Republicans Feeling Confident Headed into 2014

Midterm elections are never easy for the party who holds the White House.

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House Speaker John Boehner, left, joined by House Budget Committee Chairman Paul Ryan, takes reporters' questions on Capitol Hill in Washington, Wednesday, Dec. 11, 2013.

 A messy Obamacare rollout is giving Republican voters all the mojo they need to believe their candidates can take back the Senate and maintain the House of Representatives in 2014, a new poll says.

The Pew Research Center poll out Friday shows that with just 11 months until the midterm elections, Republicans are more confident than Democrats that their candidates will prevail.

The poll indicates 55 percent of Republican voters believe the 2014 election will be a major victory for the GOP. Only 43 percent of Democrats, meanwhile, are confident their party will manage to pull out a win. Midterm elections have typically been an uphill climb for whichever political party holds the White House. In 2006, 64 percent of Democrats were enthusiastic they could take back the House of Representatives as President George W. Bush, struggled with foreign affairs.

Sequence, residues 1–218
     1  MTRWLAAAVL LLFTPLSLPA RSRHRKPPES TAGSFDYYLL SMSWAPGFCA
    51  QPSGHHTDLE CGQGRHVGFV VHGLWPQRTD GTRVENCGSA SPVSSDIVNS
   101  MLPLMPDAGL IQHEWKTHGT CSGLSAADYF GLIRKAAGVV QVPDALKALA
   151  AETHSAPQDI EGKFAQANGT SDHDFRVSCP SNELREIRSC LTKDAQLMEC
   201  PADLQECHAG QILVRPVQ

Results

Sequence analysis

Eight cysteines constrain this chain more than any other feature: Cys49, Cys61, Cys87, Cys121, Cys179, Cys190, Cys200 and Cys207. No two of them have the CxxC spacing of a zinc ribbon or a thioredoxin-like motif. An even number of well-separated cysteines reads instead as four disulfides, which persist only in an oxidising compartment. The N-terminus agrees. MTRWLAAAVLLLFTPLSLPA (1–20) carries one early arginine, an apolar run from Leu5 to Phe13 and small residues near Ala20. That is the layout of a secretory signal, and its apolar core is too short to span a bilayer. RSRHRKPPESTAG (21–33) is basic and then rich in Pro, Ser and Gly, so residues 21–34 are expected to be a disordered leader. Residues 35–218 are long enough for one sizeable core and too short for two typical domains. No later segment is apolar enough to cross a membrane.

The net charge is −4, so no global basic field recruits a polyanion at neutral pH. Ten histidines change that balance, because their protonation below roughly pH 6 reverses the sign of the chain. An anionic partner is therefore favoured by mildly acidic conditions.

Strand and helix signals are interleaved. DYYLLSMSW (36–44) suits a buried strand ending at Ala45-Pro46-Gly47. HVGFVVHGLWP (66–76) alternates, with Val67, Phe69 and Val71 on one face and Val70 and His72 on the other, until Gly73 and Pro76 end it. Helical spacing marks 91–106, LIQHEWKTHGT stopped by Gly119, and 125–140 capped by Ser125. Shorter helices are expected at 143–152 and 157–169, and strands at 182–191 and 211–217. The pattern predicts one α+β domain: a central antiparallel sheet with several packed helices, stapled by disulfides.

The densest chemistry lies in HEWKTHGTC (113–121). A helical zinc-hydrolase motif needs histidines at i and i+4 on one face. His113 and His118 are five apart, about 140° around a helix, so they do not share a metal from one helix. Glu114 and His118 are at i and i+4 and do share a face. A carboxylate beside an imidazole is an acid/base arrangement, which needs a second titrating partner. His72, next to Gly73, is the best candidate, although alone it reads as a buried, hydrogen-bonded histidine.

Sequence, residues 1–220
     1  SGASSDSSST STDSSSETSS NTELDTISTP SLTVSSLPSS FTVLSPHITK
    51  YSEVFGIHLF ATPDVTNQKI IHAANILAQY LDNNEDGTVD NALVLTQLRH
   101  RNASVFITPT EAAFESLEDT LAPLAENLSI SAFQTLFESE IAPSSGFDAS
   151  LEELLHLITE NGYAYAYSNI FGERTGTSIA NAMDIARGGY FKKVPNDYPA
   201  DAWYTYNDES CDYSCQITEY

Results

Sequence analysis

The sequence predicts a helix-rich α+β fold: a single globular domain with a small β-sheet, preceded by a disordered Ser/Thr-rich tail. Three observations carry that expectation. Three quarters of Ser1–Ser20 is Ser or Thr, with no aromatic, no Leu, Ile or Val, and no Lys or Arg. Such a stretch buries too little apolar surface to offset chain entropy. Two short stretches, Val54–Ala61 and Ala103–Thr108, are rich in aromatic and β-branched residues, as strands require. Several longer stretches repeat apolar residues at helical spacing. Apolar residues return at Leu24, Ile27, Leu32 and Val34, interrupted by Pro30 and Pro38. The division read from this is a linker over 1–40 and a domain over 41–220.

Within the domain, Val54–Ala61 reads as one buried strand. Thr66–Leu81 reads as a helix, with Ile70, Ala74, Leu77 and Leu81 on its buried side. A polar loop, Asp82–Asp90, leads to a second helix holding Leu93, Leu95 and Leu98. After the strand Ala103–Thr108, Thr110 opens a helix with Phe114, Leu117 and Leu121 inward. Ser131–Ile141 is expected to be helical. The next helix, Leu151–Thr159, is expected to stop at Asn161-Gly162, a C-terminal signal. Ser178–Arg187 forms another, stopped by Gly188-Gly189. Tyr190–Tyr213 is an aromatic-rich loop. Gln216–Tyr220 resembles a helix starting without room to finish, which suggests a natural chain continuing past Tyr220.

[READ: GOP Civil War Erupts Over Budget Deal]

In 2010, just after President Barack Obama signed his landmark health care law, Republicans won the midterm election in a landslide with 87 freshmen Republicans being elected to the House of Representatives.

Both times, Republican and Democratic voters predicted their party's respective victories.

Republican voters aren't as optimistic as they were in 2010 when 72 percent of them believed their party had the edge. A government shutdown in October had put the Republican Party in the danger zone just two months ago. But still that stumble appears to be a blip on the radar as the Obama administration struggles with computer glitches and broken promises when it comes to the president's signature health care law. On top of that, Republicans have their eye on vulnerable Democrats who hold Senate seats in Republican-leaning states like North Carolina, Arkansas, Louisiana, Alaska and Montana.

The new poll was conducted between Dec. 3 and Dec. 8 and included more than 2,000 voters. The margin of error is plus or minus 2.6 percentage points.

 

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